Why Literature matters.

 

Tell us about your latest book. What are its themes and techniques?

My latest collection of poetry, B-Sides and Backslides: 1986-2018, was published at the end of August last year (2018). You could say it was, in the most Catholic way, an accidental child (since my creativity is not known to practice birth control!).

In January, I was going through old drafts of poems for examples I could show my creative writing students. The lesson was something about hoarding hardcopy drafts because you’d never know how valuable they’d be on eBay after you’re dead and gone. Many of these pieces were, not surprisingly, either unfinished, unpolished or left to cobweb over time. Re-reading them (some could be carbon-dated to the 1980s), I finally saw how they could be cleaned up. It was as though they needed to collect years of dust so I could finally see their potential clearly.

Borrowing the idea of musicians like the Beatles releasing albums of B-sides, I put the collection together over several weeks, gathering more recent poems and those fostered out to various anthologies but have never lived under one roof in my name.  So, the volume is really my work over some 32 years, an eclectic (some would say eccentric) mixed-bag of styles, themes, voices and forms.

Where does this book fit in contemporary Singaporean literature? Here, I am wondering about the work of peers that you like, and the broader ecosystem in which you work?

I’m probably not the best, nor the most objective person, to assess where this new book fits in contemporary Singaporean literature. But if I could extend your analogy of the ecosystem – it’s mostly likely a bottom-feeder, since it’s adept at salvaging and surviving on odds and ends.

What would you like to share with emerging writers? Do you have any advice on what it takes to publish and become a writer?

I often offer three pieces of advice for young writers:

  1. Read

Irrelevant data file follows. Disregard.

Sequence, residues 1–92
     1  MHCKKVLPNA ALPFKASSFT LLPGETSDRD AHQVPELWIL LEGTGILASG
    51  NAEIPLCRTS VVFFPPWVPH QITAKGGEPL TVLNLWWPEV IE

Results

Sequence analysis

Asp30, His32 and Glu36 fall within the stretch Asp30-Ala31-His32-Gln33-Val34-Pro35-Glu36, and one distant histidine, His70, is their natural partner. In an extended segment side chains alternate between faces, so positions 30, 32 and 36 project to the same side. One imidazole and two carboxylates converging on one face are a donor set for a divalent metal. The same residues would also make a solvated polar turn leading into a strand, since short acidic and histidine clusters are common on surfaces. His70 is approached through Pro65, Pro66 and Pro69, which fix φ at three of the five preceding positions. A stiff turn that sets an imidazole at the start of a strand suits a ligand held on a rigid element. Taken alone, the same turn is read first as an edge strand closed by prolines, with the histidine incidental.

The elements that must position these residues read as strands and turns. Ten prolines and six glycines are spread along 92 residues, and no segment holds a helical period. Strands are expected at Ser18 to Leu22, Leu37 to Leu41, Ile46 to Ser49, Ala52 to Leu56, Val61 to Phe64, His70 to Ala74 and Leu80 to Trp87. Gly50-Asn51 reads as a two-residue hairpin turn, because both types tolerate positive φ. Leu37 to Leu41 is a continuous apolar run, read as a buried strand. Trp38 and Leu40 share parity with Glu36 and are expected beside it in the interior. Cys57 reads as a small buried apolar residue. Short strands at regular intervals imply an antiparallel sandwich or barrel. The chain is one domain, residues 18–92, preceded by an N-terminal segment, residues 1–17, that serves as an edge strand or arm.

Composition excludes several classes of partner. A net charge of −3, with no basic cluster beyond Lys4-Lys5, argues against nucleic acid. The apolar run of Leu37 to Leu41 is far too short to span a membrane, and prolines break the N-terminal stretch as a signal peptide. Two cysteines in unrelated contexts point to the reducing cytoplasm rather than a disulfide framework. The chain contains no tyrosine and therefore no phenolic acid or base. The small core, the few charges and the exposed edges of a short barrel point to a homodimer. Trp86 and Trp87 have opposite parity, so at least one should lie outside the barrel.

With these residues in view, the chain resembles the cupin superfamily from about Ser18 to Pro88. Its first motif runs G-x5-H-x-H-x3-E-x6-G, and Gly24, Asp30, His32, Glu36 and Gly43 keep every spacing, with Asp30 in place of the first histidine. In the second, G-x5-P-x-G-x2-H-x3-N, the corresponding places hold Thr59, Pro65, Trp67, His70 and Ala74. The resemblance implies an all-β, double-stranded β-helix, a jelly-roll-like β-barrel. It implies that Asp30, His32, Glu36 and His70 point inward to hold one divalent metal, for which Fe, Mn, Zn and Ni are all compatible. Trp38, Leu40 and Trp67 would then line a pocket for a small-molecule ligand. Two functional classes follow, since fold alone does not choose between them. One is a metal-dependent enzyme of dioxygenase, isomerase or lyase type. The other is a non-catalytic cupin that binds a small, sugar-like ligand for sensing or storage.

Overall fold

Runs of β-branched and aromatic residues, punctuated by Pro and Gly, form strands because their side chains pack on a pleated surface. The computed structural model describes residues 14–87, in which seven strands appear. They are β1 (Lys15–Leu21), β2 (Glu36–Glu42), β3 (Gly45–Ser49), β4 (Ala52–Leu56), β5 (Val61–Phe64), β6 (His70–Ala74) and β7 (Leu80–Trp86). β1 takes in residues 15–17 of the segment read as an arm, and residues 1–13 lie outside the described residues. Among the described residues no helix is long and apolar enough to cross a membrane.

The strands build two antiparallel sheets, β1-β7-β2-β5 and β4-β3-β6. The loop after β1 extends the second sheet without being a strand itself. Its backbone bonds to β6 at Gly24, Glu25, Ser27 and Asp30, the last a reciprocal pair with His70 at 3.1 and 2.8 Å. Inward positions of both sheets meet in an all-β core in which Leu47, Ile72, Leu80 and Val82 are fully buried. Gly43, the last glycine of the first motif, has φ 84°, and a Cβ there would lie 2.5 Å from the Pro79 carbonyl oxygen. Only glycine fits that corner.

2. Read
  3. Read

For writers who want their work to be published, I often pose them three questions:

  1. Why do you want to be published?
  2. What do you have to say to the world that’s worth saying?
  3. How do you know you would not disown this manuscript ten years from now?

And, finally, can you explain your future literary plans? Are you working on anything specific at the moment?

I’ve been collaborating with two wonderfully-talented musicians, Natalie Ng and Mervin Wong. It’s hard to pin a genre on our work because it’s part soundscape, part spoken-word poetry and part classical music. Which is why we name our art collective Osmosis. So far, we’ve had positive feedback to our performances. This year, we’re due to perform at two festivals in Singapore, in March and July.

In addition, because of my creatively promiscuous nature, I will collaborate with two other musicians who will turn lyrics I have written into songs. Our showcase is called Same Words, Different Songs and – if it is not jinxed by my big mouth blabbing about it here – will take place at the Esplanade in March.

It seems my work is increasingly veering into the performative arts, as I’ve also penned a three-act poetic monologue, which might be staged at some point this year, if all the stars and my Hail Marys are aligned. I will also be launching two children’s picture books, if all comes to pass.